After the successful Startup Riot 2011 on Wednesday much of the Atlanta startup community was pumped-up and excited about our growing eco-system. Dave Wright’s announcement last night that he was moving his pre-revenue company SolidFire, which had just raised $11 million, to Boulder, CO caught many people by surprise. At our Shotput Ventures partners’ meeting last month Dave told of his plans to move to Colorado due to the need for specialized engineers with storage system experience. The Atlanta startup community, much like a startup in and of itself, has highs and lows which are part of the process of building something great.
Monday of this week Mark Suster published a piece on TechCrunch titled Can You Really Build a Great Tech Firm Outside Silicon Valley? where he outlines some of the challenges, and benefits, of building a startup outside Silicon Valley. Everything he highlights about Los Angeles is applicable here in Atlanta. Let’s look at his categories in an Atlanta context:
- Funding is different outside of Silicon Valley – Funding in Atlanta doesn’t take place unless you have (a) a proven track record/pedigree, (b) product traction (generally $100,000 in revenue), or (c) wealthy friends, family, or fools (3 Fs of angel investing). Naturally, with funding restricted to these three items there isn’t much tech investing that takes place.
- “Necessity is the mother of all invention” and drives business outside the Valley – Do you have an idea for a business application that solves real, validated corporate issues? Atlanta works great for those kind of companies (B2B SaaS is especially hot right now). If you have an idea for a consumer application that requires significant scale and network effect before monetization you’re probably better off someplace else.
- Recruiting and retention will be different outside the Valley – Atlanta is especially beneficial in this regard due to great engineering talent from Georgia Tech and throughout the Southeast, combined with low turnover (assuming you have a strong corporate culture), and a limited number of other startups in the area. Salaries and cost of living are also commensurately lower making it a great place to bootstrap or build capital-light web businesses. Did you know you can buy a decent condo in Buckhead, one of the nicest and most affluent areas in the Southeast, for under $100,000?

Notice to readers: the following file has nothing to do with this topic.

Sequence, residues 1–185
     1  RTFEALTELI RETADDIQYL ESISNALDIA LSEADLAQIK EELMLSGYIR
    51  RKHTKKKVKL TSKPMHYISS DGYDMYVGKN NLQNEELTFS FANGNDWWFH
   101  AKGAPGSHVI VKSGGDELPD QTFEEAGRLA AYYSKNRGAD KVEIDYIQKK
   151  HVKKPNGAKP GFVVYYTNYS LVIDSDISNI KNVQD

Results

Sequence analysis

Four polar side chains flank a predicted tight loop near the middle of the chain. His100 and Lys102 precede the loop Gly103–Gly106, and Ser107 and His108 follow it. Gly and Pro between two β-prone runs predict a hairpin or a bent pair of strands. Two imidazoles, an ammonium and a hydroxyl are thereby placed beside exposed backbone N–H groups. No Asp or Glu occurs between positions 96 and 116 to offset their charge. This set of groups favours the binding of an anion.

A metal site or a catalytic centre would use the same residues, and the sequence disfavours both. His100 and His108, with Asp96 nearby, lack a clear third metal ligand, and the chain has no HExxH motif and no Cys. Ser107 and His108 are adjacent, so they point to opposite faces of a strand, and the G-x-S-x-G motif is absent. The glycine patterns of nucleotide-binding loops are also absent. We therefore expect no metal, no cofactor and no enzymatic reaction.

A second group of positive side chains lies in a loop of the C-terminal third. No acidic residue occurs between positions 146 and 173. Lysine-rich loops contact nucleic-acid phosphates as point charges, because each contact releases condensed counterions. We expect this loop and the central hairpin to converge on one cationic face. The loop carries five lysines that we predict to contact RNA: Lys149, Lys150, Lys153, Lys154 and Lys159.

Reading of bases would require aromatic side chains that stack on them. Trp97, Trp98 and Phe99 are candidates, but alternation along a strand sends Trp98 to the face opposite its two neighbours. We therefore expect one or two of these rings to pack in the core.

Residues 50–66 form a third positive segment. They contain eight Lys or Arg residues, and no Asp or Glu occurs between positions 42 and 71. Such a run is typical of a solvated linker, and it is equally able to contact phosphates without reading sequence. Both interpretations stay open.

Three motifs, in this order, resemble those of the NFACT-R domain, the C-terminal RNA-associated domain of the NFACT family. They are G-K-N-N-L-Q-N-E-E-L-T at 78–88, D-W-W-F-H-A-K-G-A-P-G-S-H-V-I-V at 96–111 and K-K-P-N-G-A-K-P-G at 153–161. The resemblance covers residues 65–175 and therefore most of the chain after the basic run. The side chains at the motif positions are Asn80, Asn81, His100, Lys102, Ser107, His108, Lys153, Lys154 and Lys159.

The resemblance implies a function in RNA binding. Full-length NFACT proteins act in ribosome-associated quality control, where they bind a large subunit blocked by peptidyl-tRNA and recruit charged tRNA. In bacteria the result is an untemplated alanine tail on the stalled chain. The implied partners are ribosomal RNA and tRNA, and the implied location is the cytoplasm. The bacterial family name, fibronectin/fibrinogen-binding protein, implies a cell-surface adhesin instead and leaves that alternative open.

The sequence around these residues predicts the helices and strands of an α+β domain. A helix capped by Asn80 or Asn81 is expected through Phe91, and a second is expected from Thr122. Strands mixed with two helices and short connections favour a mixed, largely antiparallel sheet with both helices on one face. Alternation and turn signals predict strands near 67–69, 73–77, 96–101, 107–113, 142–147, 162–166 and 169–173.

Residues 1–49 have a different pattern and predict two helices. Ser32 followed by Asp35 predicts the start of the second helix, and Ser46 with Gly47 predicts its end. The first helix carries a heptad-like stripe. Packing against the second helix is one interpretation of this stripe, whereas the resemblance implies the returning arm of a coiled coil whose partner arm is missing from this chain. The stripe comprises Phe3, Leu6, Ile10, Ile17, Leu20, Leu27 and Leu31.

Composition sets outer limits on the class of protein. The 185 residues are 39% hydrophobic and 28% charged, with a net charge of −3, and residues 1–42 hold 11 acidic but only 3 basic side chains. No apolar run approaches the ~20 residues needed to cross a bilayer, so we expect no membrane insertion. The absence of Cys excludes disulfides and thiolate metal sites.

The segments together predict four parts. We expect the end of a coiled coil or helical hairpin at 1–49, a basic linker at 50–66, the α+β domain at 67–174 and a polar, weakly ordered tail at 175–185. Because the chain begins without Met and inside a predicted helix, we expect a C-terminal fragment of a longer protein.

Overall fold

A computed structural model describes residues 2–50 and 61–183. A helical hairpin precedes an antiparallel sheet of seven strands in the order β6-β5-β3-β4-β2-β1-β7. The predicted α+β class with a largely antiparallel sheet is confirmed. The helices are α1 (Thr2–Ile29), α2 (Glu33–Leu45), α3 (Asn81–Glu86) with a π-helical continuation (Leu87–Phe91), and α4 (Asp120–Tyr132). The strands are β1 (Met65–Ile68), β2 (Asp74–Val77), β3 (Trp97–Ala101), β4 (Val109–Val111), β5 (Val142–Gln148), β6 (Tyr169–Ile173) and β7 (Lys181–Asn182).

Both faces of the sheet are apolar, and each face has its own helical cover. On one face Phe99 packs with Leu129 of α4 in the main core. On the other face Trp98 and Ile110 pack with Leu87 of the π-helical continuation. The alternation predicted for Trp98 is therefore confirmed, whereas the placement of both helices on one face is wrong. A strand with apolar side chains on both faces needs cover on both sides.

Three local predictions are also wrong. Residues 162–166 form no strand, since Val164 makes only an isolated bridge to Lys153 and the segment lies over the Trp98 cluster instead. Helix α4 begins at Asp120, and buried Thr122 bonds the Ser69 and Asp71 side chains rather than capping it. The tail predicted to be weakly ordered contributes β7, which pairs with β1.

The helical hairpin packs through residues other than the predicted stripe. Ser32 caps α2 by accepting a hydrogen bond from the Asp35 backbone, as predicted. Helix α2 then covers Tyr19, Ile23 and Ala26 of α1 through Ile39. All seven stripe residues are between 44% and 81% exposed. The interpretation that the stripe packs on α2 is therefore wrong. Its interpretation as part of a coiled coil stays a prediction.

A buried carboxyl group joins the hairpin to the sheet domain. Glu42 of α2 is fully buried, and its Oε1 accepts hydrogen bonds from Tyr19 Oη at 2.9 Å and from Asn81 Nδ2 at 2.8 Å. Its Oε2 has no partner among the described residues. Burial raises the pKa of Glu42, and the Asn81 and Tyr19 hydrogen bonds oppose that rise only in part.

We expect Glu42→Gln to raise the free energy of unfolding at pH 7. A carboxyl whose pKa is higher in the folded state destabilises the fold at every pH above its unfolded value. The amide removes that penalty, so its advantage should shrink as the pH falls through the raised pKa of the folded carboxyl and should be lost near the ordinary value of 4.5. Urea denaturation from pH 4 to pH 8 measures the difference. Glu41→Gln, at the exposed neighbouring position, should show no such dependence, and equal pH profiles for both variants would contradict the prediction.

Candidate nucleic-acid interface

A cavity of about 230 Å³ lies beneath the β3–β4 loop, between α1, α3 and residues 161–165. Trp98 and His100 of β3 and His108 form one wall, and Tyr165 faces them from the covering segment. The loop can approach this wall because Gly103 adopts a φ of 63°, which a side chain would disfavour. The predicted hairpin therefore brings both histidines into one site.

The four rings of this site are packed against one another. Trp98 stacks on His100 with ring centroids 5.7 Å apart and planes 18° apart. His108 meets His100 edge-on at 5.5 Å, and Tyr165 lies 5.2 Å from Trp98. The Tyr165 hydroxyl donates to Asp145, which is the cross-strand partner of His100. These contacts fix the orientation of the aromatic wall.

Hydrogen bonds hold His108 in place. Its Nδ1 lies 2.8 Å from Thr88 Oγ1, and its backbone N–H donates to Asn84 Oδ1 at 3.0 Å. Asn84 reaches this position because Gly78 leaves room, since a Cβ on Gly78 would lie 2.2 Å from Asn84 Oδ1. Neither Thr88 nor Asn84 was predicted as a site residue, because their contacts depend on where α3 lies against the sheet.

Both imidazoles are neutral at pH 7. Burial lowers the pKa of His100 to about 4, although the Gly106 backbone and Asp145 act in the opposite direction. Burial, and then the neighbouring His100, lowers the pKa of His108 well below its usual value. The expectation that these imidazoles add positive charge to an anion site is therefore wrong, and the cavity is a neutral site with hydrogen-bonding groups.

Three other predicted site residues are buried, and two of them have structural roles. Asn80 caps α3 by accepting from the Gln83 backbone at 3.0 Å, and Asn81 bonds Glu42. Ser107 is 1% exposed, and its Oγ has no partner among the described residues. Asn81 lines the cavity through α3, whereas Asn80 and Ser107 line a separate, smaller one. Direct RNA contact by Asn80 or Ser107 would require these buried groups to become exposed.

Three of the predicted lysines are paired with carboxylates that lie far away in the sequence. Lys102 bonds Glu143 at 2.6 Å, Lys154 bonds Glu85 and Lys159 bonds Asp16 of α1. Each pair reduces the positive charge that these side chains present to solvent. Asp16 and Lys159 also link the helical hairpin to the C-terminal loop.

- There are many strategic assets outside of Silicon Valley – Atlanta has an amazing Internet security cluster, the world’s busiest airport (makes flying more affordable and efficient than most places), and tons of young professionals perfect for building out sales and services teams.
- Communities outside the Valley have matured – The Atlanta startup community is 10x more vibrant and active compared to when I moved here in 2002. If you follow @mattstech (and who doesn’t?) you’ll see that there’s a startup event most days of the week. It really is that busy. The ATDC, truly a strategic asset as well, has become the heart of the Atlanta startup community and facilitates many great events. We have a startup community in Atlanta that’s growing every year. Are we a major player? No. Do we have the right ingredients? Yes.
In the end, the most important thing we can do as a community is build meaningful, enduring companies that employ as many local people as possible and let the results speak for themselves.
What else? What would you add about the startup community in Atlanta? Oh yeah, we’re hiring a bunch of people this year, so please send referrals my way.